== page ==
One can perform multiple random trials of the same algorithm, to test robustness.

One can perform comparisons with more baseline algorithms, to make stronger claims.

One can perform the same experiment under different budget constraints, to simulate different real-world use cases.

One can track the progress of an experiment with respect to oracle results, allowing for more detailed error analysis of HPO.

To be effective, table lookup depends on two important assumptions: First, the table has to be sufficiently large to cover the space of hyperparameters **Λ**. Second, the HPO algorithm needs to be modified to sample from the finite set of hyperparameters in the table; this is usually easy to implement but the assumption is that finite-sample results will generalize.

### 3.2 HPO Algorithm Selection/Development

There exist many choices of HPO algorithm, which can be evaluated or further developed on our lookup tables. Figure 3 illustrates this process. The performance of HPO algorithm candidates on various MT datasets serves as the basis for HPO selection. The selected HPO algorithm can then be applied on new MT datasets.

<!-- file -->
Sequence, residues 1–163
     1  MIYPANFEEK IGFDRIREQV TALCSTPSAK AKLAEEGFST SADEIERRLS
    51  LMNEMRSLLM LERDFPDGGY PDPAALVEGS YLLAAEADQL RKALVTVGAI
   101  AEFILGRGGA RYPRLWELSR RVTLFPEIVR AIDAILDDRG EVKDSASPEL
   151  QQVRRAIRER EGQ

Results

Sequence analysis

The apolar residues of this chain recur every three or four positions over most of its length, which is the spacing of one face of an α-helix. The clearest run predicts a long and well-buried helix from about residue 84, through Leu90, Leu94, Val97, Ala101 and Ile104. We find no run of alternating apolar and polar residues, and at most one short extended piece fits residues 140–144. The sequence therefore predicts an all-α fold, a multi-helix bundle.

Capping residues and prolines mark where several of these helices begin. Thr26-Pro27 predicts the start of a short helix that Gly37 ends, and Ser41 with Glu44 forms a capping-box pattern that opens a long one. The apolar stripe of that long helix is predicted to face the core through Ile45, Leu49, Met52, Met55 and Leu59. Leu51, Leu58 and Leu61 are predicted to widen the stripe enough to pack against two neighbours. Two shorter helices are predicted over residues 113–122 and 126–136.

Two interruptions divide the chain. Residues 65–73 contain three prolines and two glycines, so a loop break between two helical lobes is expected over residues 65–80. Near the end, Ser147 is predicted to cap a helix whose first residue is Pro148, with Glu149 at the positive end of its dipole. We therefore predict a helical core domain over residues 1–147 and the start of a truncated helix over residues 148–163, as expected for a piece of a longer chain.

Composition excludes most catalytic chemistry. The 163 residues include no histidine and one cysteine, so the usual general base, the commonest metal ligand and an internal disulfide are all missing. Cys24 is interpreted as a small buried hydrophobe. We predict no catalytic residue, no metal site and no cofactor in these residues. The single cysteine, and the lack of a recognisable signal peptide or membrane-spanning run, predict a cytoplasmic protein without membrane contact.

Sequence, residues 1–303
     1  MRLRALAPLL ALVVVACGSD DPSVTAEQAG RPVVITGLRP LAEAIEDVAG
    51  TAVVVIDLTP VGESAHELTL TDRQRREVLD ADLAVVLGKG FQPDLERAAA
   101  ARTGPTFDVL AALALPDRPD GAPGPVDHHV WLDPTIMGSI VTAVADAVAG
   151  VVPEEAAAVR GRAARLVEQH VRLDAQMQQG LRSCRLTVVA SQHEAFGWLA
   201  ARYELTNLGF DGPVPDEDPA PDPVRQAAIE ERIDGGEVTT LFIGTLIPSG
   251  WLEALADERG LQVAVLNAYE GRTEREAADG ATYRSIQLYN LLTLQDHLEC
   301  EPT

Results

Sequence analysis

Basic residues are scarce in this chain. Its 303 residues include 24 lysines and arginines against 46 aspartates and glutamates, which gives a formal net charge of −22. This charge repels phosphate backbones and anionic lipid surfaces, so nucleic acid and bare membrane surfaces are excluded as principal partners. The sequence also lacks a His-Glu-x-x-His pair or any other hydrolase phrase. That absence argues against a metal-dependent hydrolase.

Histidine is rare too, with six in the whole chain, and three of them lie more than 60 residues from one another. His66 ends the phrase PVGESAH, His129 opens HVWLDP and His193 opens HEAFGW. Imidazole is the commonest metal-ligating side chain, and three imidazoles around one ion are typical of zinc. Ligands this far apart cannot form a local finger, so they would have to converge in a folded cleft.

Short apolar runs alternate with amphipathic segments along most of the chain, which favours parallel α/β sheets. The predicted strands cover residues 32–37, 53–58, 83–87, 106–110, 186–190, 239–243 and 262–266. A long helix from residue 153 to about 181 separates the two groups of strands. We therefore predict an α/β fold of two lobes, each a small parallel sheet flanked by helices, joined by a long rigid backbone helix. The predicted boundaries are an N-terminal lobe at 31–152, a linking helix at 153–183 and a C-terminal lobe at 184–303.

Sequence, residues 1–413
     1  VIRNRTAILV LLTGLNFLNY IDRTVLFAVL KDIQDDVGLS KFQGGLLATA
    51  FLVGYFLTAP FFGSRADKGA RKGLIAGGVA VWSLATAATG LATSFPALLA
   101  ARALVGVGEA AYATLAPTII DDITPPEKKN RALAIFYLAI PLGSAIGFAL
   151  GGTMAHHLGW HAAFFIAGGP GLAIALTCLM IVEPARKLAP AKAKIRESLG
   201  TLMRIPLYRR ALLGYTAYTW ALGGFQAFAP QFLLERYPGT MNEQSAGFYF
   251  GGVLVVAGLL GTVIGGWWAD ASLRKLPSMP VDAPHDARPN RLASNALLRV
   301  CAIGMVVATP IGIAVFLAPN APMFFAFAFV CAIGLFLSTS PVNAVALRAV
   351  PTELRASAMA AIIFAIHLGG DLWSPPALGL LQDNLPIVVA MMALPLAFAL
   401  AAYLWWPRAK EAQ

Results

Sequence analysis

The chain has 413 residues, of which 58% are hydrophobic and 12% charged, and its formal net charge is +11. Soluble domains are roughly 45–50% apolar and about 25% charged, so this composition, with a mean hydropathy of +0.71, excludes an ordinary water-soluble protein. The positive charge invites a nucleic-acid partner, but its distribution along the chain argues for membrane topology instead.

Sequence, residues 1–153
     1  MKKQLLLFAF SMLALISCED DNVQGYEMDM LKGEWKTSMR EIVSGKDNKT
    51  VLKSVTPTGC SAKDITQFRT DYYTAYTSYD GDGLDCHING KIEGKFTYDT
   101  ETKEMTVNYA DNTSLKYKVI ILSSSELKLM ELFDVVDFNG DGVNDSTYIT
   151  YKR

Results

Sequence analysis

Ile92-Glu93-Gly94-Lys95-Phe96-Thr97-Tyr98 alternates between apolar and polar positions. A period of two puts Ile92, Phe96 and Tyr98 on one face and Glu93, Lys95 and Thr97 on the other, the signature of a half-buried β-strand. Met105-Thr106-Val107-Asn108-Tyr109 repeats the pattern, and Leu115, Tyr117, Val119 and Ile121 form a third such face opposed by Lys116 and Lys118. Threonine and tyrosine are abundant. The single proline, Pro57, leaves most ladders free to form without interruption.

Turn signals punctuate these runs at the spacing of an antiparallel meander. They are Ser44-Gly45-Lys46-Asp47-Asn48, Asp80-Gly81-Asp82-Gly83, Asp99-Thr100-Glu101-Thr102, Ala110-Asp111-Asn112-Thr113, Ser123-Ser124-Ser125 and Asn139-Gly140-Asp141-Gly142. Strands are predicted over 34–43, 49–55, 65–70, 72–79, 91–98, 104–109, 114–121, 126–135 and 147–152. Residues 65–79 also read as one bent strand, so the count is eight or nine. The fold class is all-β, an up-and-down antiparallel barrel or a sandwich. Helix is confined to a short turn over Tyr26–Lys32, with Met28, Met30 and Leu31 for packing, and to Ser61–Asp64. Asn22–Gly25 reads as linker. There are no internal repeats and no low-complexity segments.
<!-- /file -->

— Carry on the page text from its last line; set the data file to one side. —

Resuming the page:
There are two kinds of generalization effects at play: (1) generalization of an HPO algorithm across MT datasets, and (2) generalization of MT models and their associated hyperparameters across MT datasets. We mainly care about (1) in the algorithm development process, which is why we opt to provide six distinct datasets described in Section 3.3 (as opposed to, e.g., 1 dataset trained on large MT data). If an HPO algorithm performs efficiently in finding good hyperparameter configurations on many MT datasets, then we can more reasonably believe that it will run quickly on a new dataset, regardless of the underlying MT data characteristics. Even if the best configuration on one MT dataset does not transfer to another, a robust HPO algorithm should still be capable of finding good hyperparameters because the algorithm learns from scratch on each dataset independently.

### 3.3 MT Data and Setup

To create a robust HPO benchmark, we trained NMT models on six different parallel corpora, which exhibit a variety of characteristics:

**TED Talks**: We trained Chinese–English (**zh-en**) and Russian–English (**ru-en**) models on the data-split of Duh (2018). This is a mid-resource setup, where $Dtrain$ consists of 170k lines for zh-en and 180k lines for ru-zh. $Dvalid$ has 1,958 sentences and is multiway parallel for both language-pairs.